Confusing signals on lockdown

Lockdown 4.0 is about to run its course. From June 1, will we en­ter lockdown 5.0, after 68 days of hearing and seeing “don’t”, "closed" and "not allowed" for all the fa­miliar places and things? As it looks un­likely that India will find another freedom at the stroke of midnight this month-end, will there be a cold circular before D-day to tell us our status? Or will the Prime Minister give us a balcony event once again to test our spirits at the close of 4.0?

Ahead of lockdown 5.0, if it does come, here are some wishes for both the Centre and states to consider. Grant that stretch of green and piece of sky to those who deserve it the most. Stop looking at their year of birth to keep them out of parks and outdoors even if it’s to shield people above a certain age from the virus. Look around for easy tips to open up, like the golden hour scheme started by Gibraltar in April. This is a scheme just for the over 70s to go to prominent parks in this British Overseas Territory for two hours in the morning. These areas are decontaminated regularly to allow elderly members to go for that prized walk and exercise — possibly the high point of the day for most of them. The younger will manage it anyhow, but the authorities at various levels must ensure that seniors are not discriminated against in these extraordinary times.
  
Also, review the market timings. Let them stay open till late evening, especially considering the heat wave of the north. Why shut everything down before sunset? Reserve the night curfew for war time, not for war against the virus. And, keep the odd and even experiment for cars to beat pollution. Replicating a similar drive for shops — block A open on Monday and block B Tuesday, for instance — is a non-starter for both stores as well as buyers. Open markets fully, so that shoppers can spread out more in times of social distancing while they get to buy what they want and not what is thrust on them.

Cabs too must be allowed to cross state borders to take people to their workplaces and for other essentials. Ubers and Olas are needed much more as public transport is negligible in most cities across the states. Opening offices and factories will have little meaning without letting transport ply freely. How else will people reach their offices?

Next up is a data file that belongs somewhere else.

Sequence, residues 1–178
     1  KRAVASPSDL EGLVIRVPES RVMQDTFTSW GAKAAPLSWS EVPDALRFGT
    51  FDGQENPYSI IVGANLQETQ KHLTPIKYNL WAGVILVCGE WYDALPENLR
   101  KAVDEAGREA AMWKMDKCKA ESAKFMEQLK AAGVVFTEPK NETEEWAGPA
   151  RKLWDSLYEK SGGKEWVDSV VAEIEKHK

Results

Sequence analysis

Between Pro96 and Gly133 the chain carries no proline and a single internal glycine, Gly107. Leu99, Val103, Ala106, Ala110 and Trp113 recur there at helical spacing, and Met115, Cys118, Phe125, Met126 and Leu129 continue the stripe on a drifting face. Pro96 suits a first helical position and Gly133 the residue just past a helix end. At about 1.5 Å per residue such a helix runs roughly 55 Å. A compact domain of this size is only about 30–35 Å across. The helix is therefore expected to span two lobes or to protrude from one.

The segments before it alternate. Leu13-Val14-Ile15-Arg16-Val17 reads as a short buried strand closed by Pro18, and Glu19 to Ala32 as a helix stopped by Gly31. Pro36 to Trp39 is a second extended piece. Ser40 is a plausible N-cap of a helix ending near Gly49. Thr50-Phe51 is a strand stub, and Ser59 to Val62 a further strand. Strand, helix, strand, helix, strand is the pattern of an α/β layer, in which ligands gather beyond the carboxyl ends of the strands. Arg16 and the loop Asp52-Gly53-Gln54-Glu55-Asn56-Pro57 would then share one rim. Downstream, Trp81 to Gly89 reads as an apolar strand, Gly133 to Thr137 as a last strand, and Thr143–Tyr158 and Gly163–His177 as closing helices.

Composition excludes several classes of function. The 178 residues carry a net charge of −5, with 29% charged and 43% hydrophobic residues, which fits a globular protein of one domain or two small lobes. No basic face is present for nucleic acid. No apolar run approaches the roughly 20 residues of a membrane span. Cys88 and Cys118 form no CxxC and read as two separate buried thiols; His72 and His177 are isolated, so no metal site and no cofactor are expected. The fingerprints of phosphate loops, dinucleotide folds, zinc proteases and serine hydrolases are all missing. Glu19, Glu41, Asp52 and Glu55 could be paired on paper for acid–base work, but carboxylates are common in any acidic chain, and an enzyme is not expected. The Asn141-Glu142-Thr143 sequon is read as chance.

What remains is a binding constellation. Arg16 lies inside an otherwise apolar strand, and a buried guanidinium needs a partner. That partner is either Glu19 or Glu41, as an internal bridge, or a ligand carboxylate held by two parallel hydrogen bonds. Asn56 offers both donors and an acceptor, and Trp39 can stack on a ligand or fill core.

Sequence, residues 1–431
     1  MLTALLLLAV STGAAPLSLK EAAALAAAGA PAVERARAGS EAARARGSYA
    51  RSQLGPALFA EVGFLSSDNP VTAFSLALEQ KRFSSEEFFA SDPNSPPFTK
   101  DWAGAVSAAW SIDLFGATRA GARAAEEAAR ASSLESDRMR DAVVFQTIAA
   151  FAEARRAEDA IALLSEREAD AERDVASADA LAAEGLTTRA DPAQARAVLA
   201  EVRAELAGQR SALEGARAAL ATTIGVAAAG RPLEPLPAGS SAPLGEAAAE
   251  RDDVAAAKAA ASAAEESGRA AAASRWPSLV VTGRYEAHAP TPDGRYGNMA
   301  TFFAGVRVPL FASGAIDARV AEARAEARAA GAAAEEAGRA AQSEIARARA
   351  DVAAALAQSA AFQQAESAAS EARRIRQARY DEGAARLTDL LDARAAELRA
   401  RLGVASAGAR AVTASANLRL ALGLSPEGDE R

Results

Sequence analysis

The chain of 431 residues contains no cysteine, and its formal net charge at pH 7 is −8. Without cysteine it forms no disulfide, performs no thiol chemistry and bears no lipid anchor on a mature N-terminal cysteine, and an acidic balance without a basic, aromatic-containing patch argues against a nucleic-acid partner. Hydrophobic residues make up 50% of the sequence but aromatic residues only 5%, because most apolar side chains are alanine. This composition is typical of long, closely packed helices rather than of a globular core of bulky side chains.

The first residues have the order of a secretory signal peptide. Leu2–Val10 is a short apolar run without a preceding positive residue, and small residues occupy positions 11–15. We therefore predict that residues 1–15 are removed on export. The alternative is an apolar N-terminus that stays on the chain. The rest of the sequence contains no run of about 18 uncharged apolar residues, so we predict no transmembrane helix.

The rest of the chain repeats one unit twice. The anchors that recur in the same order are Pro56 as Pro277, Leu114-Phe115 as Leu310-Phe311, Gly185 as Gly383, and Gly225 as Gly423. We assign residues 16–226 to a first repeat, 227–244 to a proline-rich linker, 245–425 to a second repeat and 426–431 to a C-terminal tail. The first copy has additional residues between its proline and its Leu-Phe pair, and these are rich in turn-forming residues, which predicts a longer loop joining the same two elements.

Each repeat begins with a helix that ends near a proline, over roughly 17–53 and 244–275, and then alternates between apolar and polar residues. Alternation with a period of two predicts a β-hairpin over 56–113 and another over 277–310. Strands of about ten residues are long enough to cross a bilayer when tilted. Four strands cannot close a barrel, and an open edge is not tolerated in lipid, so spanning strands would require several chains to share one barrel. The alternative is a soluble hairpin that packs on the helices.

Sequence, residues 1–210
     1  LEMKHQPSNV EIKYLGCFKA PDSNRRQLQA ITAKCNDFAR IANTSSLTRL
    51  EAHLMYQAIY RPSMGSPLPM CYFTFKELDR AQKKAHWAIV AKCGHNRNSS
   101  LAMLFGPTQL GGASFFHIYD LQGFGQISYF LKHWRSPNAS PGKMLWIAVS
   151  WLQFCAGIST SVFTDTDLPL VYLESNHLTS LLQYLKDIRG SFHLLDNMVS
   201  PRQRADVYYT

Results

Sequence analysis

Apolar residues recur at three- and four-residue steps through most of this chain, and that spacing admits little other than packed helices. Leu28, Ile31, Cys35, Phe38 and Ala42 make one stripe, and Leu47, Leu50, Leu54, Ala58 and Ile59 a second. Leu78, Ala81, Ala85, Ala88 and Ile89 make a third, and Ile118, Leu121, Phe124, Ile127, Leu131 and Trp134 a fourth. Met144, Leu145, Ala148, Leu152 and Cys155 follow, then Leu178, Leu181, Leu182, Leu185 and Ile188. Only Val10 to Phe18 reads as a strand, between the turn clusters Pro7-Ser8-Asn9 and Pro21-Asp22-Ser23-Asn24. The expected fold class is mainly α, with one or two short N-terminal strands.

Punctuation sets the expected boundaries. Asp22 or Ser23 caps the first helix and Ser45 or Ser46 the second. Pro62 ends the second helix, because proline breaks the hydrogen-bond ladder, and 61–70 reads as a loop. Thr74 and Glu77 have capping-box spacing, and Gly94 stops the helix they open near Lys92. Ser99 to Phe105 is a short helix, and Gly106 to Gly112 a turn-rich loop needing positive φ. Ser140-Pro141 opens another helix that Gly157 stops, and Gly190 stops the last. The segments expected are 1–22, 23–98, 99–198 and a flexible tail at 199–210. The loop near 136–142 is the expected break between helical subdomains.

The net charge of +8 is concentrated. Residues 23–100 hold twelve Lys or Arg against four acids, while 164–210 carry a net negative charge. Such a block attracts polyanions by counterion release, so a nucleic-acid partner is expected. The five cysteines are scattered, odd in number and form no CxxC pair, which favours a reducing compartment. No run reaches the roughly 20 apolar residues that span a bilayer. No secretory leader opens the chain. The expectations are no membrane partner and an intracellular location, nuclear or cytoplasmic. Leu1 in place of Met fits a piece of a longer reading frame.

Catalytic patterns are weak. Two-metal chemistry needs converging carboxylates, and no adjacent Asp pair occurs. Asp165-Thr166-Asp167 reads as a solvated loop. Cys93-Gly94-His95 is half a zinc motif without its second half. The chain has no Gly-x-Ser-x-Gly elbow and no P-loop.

Whatever the decision from June 1, the countdown is missing this time unlike at the end of lockdown 1.0, 2.0 and even 3.0. Earlier on, during the lockdown, which first came into effect on March 25, there was tremendous curiosity about the next phase of curbs and plenty of hope about things getting unlocked. By now we’ve seen there’s very little that’s nationwide in this lockdown and that the customary announcement at the end of lockdown 4.0 might not be of much significance for most of us. That’s because every state and every local district will browse through the rulebook and change it drastically anyway.

We had mistakenly assumed earlier that there would be uniform norms and guidelines during the current crisis, and had eagerly responded to the PM’s tasks of flashing the mobile phone, lighting candles and even banging metal plates (thalis). Soon, we realised it was a match between states fighting for the best grades. Then the competition filtered down to districts, again to score better on the corona scale. 

 
Why else would state after state close the borders for people and goods movement even after the Central rules reiterated free flow? And why would the rules in one district be so different from the rest?

 
Competing to be low on corona cases, states have resorted to shutting their boundaries as the easiest way to stay clean of the virus, irrespective of the guidelines of the Ministry of Home Affairs on the lockdown.

Even nationally, partial openings are being done outside the lockdown an­n­ouncements. Domestic aviation was ope­ned up in the middle of lockdown 4.0, and even Railways started operations — beyond the Shramik trains — suddenly with an emphasis on “livelihood”. So, even at the Centre, the lockdown vision seems confused, rather than having any clear line of instruction based on inputs from what should be the real war-room — the Health Ministry and medical ex­perts monitoring the Covid-19 situation 24X7.
  
What then is the sanctity of the Union government’s announcement on lockdown or easing of rules as we move along?


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